As they were related to me from Concord & Garfield Townships of Hancock County:
Paul & Romney: 18% (tie)
Perry & Bachman: 8-10% (tie)
For the entire state:
If Gingrich is taken out of the front runner position, the results look much closer to the state’s overall results. I wonder how much of Gingrich’s positioning is the result of a dinner & speech event he held at Mason City, IA (20 min. away) several weeks ago. Clearly, the two townships represented at this caucus were just slightly out of step with the rest of the state. It will interesting to see how Iowa, and Hancock county more specifically, matches up to New Hampshire and national primary votes for the GOP candidate.
In ’08, Romney captured 25% of the state’s caucus vote, with Paul getting on 10% (the only two candidates in the ’08 and ’12 caucuses
cauci?). At the state level, Romney stayed roughly the same while Paul rose appreciably in the vote.
Several complaints have been raised against the Iowa caucus process. Richard Cohen (What’s “Rotten” in Iowa) complained that, due to extreme conservative positions, winning in Iowa is “an impossible task for a moderate.” (For the many who consider Romney a moderate, this is an interesting statement. Maybe winning Iowa is an impossibility, but what about tying?) Cohen points out the unimaginable scenario that only one of the GOP candidates does not view abortion as murder, and complains about the “narrowness of the Iowa GOP.”
However, progressive and liberal voters should not be overly hysterical over caucus results. The Iowa caucus is significantly better at selecting the future DFL nominee than the GOP nominee. If you look at the eight caucuses that occurred between 1980 and 2008 (since we don’t know the national results for ’12), Iowa Republicans selected the individual who would become that national nominee 5 times, whereas the DFL in Iowa correctly selected the nominee 7 times. That may not seem that dramatic, until we realize that of the 5 that Iowa Republicans got “right,” three of those were re-elections where the incumbent went unopposed (W. Bush – ’04; H.W. Bush – ’92; Reagan – ’84). That means the Iowa GOP voted with the rest of the nation only two times in those 28 years when there was more than one candidate.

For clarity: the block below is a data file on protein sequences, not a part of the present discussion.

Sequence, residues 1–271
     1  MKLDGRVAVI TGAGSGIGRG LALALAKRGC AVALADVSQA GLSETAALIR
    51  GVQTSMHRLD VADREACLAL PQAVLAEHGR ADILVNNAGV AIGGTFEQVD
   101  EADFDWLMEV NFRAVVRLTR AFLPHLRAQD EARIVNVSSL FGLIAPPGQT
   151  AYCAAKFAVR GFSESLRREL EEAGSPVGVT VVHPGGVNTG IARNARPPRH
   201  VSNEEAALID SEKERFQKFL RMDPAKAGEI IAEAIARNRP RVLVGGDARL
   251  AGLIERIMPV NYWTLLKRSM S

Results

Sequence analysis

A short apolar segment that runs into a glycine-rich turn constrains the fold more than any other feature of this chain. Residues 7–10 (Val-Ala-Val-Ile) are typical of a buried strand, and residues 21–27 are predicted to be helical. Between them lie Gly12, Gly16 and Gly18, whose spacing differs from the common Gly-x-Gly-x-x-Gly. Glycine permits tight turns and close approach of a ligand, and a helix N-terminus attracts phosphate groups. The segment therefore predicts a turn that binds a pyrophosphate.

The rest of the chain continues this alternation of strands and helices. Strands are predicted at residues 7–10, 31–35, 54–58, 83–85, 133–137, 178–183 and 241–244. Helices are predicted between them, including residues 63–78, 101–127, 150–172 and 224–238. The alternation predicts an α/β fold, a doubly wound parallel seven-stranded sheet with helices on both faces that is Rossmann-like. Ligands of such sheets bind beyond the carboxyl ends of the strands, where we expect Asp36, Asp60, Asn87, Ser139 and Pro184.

Conversely, the DFL of Iowa have been in lock-step with the nation. With only two incumbents – Obama – ’12 and Clinton – ’96 (and even then, Nader and “Uncommitted” votes stole a fraction of the vote) – Iowa Democrats have selected the future nominee every time except twice (Tom Harkin’s ’92, and ’88). What is more, when you think of the surge that the previously “uknown quantity” Obama received at the IA caucus in ’08, it highlights just how powerful the Hawkeye state can be.
So if history gives us any indication, the Iowa caucus is less “reliable” for selecting a national nominee for the GOP when compared to the DFL. Coming back to the present then, that means that IA frontrunners Romney and Santorum shouldn’t rest too comfortably. Progressives sound foolish lamenting the IA caucus, complaining when GOP’ers sound too conservative for their taste. And the Hawkeye state should continue holding its caucuses. Word to the wise, IA Republicans: figure out what the rest of the nation sees, or learn to hold greater influence over the subsequent primaries.